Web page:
Rumor: Doomsday rumors making people panic

Doomsday rumors are causing people across the globe to panic


CONFIRMED: Reports of people affected by doomsday rumors widespread

Armageddon fears are so widespread a NASA scientist has set up a website to field doomsday scenarios.

"At least a once a week I get a message from a young person ― as young as 11 ― who says they are ill and/or contemplating suicide because of the coming doomsday," NASA astrobiologist David Morrison is quoted as saying in the government's official response to the Armageddon rumor mill, reports. If you have a question, you can submit it to a Senior Scientist here. The NASA site warns: “we don’t do school homework.”

ABC News, citing officials in China, says a man who went into a school in central China and stabbed 23 children last week was "psychologically affected" by doomsday predictions.

Vatican Disputes Doomsday Rumors

The Vatican's top astronomer has some assurances to offer, according the Daily Mail: The world won't end in about two weeks, despite predictions to the contrary.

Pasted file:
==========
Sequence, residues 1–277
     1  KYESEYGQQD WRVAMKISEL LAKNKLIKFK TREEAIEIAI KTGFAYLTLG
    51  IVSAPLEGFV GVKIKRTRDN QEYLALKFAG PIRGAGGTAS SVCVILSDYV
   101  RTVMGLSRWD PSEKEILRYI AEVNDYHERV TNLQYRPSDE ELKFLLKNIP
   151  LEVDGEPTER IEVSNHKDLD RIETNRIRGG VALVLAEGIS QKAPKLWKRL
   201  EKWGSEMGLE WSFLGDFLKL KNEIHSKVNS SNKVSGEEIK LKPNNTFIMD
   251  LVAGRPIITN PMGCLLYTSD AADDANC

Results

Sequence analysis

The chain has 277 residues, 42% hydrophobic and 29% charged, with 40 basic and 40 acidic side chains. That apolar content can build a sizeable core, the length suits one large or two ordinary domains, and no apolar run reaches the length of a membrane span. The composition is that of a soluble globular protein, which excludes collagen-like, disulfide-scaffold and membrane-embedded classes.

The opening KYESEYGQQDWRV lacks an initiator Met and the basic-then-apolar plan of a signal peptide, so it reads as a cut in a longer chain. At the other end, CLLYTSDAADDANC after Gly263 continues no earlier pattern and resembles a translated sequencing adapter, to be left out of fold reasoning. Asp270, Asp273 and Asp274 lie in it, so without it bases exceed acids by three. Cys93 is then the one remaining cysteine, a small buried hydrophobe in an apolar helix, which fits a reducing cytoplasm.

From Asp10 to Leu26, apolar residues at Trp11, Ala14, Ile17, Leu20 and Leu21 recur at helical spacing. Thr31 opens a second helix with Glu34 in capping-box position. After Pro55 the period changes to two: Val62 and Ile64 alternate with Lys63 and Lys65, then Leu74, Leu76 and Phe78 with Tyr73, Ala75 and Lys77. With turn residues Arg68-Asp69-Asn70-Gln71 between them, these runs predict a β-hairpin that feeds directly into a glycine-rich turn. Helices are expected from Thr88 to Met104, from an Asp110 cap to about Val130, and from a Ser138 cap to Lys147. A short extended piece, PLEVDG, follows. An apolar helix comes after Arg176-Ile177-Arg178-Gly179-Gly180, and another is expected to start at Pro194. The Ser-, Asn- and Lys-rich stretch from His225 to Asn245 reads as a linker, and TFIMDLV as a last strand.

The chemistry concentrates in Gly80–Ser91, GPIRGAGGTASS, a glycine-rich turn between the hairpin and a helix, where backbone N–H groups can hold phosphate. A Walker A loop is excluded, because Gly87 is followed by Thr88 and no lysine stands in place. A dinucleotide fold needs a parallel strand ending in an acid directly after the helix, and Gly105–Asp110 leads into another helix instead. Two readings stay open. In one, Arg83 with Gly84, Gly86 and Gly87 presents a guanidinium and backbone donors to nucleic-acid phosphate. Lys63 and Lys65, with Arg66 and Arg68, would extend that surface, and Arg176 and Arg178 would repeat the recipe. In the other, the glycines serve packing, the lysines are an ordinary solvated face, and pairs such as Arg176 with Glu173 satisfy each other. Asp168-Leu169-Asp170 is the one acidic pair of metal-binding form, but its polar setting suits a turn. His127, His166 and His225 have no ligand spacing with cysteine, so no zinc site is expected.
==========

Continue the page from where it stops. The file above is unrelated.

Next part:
The Rev. Jose Funes, director of the Vatican Observatory, wrote in the Vatican newspaper that 'it’s not even worth discussing' doomsday scenarios based on the Mayan calendar that are flooding the Internet ahead of the purported December 21 apocalypse.

He acknowledged that the universe is slowly expanding but that the destruction of the Earth – if it ever does occur – will not happen for billions of years. 

JELL-O to save the world from Mayan apocalypse

JELL-O will try to save the world from the Mayan-predicted apocalypse by appeasing the gods with an unexpected and fun offering of JELL-O Pudding, says in a press release from the company.

“In lieu of traditional, boring vegetable offerings to the Mayan gods, JELL-O is offering a fun sacrifice of pudding in an attempt to save the world from the impending apocalypse,” the press release says. “JELL-O will share their big plans with 60- and 30-second TV spots called ‘Fun to the Rescue.’ JELL-O will also sponsor apocalypse-themed programming on cable networks throughout the week, all part of the goal to ‘fun things up.’”